The resilience of Kenya’s flower industry shines despite Covid-19

Baiju Kantaria.

“Last year, at the height of the Covid-19 pandemic, Kenya’s floral industry was grappling with a mix of threats that were taking their toll on production, including tough weather conditions, pests attacks and limited cargo space, causing air-freight costs to skyrocket.

The heartbreaking images of  workers harvesting flowers and then having to dump them to compost because of the lockdowns and flight cancellations. These effects are poignant reminders of our sector’s fragility to global shocks. The pandemic caused the flower market to contract to an estimated $29.2 billion in 2020, representing a 6.2 per cent decline from 2019. Industry players say this remains the worst experience yet, in the history of the flower industry.

Europe is the top export destination and takes up close to 70 per cent of Kenya’s cut flower exports.  The Covid-19 restriction measures and daily slashings of orders by half put tens of thousands of African jobs on the line and robbed our country of its much needed  foreign exchange earnings.

The government, working with industry players including the Kenya Private Sector Alliance, the Kenya Flower Council, the Fresh Produce Exporters Association and national carrier Kenya Airways designed a plan to convert passenger planes into cargo freighters to keep the fresh markets supplied. This strategy remains one of the best multi-sector responses to a global crisis ever seen in the country.

Reports indicate that Kenya produce was available in the supermarkets when it was desperately needed, leading to retention of markets and gaining new ones due to these efforts. The Caravan of Hope greatly buttressed these efforts. This initiative saw growers produce put to good use through the Agriculture Sector Network,  KEPSA, KFC and Kenya Airways by donating flowers wrapped in sleeves and signed by President Uhuru Kenyatta. The President’s message read as follows. ‘It is exactly at moments such as this that we must display our humanity, perseverance and hope. Whatever the adversity, no matter the foe, we shall triumph together. We stand united. Tuko Pamoja. From Kenya with love.”

The flowers went to hospitals and care homes in the UK, as a token of appreciation for healthcare workers.

Provision of car stickers to vehicles transporting flowers to operate past curfew hours and the government’s speedy action in processing permits and exports equally played a massive role in supporting our sector.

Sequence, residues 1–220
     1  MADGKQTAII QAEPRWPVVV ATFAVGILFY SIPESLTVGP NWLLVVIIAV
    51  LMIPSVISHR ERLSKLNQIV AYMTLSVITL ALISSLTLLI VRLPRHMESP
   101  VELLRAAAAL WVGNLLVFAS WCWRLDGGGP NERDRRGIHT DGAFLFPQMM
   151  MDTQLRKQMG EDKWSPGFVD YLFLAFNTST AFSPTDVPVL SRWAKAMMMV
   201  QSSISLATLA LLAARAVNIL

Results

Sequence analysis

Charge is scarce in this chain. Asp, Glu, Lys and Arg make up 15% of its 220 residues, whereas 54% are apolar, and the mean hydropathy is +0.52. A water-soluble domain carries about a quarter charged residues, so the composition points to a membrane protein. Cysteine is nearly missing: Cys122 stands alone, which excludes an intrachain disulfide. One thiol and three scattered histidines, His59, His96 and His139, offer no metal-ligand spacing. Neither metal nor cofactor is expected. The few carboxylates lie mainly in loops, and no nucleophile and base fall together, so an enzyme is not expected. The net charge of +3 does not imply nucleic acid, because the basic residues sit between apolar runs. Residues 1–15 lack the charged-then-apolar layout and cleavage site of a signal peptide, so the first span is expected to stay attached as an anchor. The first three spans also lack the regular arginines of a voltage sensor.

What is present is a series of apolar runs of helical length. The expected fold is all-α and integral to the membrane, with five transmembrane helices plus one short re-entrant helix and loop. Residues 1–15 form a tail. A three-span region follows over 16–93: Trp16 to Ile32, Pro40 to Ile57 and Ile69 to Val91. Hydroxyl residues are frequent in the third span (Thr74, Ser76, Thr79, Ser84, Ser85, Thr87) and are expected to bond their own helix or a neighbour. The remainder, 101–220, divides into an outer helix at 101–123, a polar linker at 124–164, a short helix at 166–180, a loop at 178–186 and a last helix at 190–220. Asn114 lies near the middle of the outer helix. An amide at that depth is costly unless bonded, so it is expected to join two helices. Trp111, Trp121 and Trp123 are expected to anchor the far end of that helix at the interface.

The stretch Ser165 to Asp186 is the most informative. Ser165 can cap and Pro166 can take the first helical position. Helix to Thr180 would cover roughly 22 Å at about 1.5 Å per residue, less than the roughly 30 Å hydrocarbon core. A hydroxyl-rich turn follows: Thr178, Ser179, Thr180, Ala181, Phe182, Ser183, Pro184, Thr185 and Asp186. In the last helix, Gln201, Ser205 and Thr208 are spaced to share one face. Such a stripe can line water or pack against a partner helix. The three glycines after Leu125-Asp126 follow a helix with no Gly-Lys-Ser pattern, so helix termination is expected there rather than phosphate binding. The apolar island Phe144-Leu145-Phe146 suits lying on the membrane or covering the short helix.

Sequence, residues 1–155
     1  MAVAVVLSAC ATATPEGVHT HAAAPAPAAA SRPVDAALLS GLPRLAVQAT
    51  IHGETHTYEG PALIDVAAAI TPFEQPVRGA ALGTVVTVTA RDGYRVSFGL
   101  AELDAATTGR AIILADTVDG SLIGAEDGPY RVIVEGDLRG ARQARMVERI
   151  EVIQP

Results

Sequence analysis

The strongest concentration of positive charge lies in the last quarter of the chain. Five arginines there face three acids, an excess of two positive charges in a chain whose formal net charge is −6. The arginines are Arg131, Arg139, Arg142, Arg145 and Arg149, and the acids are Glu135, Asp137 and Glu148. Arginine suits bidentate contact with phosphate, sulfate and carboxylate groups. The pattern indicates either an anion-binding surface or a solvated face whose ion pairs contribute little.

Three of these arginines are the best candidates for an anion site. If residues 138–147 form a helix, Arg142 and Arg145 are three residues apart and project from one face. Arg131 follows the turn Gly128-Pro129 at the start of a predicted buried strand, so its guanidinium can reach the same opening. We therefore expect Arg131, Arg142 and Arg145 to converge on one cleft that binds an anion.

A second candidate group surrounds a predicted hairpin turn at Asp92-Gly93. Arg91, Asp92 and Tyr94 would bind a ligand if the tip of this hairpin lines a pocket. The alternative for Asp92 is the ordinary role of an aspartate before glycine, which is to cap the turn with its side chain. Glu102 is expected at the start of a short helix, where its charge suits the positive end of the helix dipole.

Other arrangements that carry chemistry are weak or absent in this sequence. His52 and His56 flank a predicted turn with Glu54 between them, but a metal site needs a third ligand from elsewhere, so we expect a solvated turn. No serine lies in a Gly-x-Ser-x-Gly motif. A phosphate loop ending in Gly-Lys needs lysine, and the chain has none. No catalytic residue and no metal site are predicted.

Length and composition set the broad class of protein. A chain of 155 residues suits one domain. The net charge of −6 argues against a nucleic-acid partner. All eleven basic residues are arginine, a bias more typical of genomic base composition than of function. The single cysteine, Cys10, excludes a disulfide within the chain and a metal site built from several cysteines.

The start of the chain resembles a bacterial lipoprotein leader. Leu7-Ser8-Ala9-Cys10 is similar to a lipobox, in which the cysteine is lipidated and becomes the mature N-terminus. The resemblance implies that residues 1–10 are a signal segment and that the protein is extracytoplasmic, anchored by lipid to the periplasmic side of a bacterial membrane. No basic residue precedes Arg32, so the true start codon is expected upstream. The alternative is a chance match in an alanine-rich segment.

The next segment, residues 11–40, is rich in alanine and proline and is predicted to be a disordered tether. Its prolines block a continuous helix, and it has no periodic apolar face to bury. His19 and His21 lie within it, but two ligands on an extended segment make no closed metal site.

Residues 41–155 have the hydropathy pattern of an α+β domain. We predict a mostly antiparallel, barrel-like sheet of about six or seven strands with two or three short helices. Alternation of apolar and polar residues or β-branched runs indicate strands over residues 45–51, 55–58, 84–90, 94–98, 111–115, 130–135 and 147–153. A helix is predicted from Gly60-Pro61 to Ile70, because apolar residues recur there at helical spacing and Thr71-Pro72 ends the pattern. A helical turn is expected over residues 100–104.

With the increased easing of restrictions and as global markets reopen, the sector is bouncing back,  with production and exports now almost at their pre-Covid levels.

A November 2020 report by the Central Bank of Kenya assessing the extent of recovery in the flower sector indicated that improved cargo space and reopening of crucial export markets had contributed to a boom in demand. It reports export orders for the four months, from November, recorded a sharp increase despite concerns and uncertainty over the second wave of the virus and possible lockdowns.

Aptly exemplifying that demand was the remarkable number of orders experienced during this year’s Valentine’s Day. While the sector hasn’t fully recovered, and in the wake of new restrictions in key markets, mainly in Europe, exporters have expressed satisfaction with the sale this year.

But the industry continues to struggle with capacity constraints that have seen limited supply or an increase in cargo costs as demand grows. Sector players have always insisted that while they can  produce to market demands, they cannot grapple with the scarcity of freight.

The government has been working to correct the situation by allowing Ethiopian national carrier Ethiopian Airlines to offer weekly cargo freighters to cover the oversupply that Kenya’s national carrier cannot handle. This intervention saw Ethiopian shipping carry 1,600 tonnes from Nairobi in the run-up to Valentine’s Day, bolstering growers’ earnings.

And in a world’s first, Kenya Airways recently unveiled the repurposed Dreamliner 787 that will undertake to carry cargo as the airline looks to address the growing cargo demand while finding alternative revenue streams in the wake of depressed earnings from passenger travel. With the increased flight capacity and the converted freighter, capacity will grow by up to 40 per cent.

It will take time for Kenya’s flower industry to recover from the knock-on effects of the virus. The sector is jittery about the uncertainty of the emerging variants of the virus and their implications. The good news is, despite the Covid-19 scare, players agree the worst could be over. The 2020 challenge has demonstrated that we can address these hiccups. It takes the unity of purpose to rescue a sector that offers a lifeline to millions of households and our economy.”

Baiju Kantaria


About the author

Since 1898, Elgon Kenya Limited (EKL) has been a reliable and profitable business partner to the ornamental horticultural industry in Africa’s East and Central regions. EKL Director, Baiju Kantaria, reflects upon the recent events of its 123-year history, demonstrating its position as the largest agri-input suppliers company in Kenya, meeting almost 90 per cent of farm agri-input, especially in the floriculture sector


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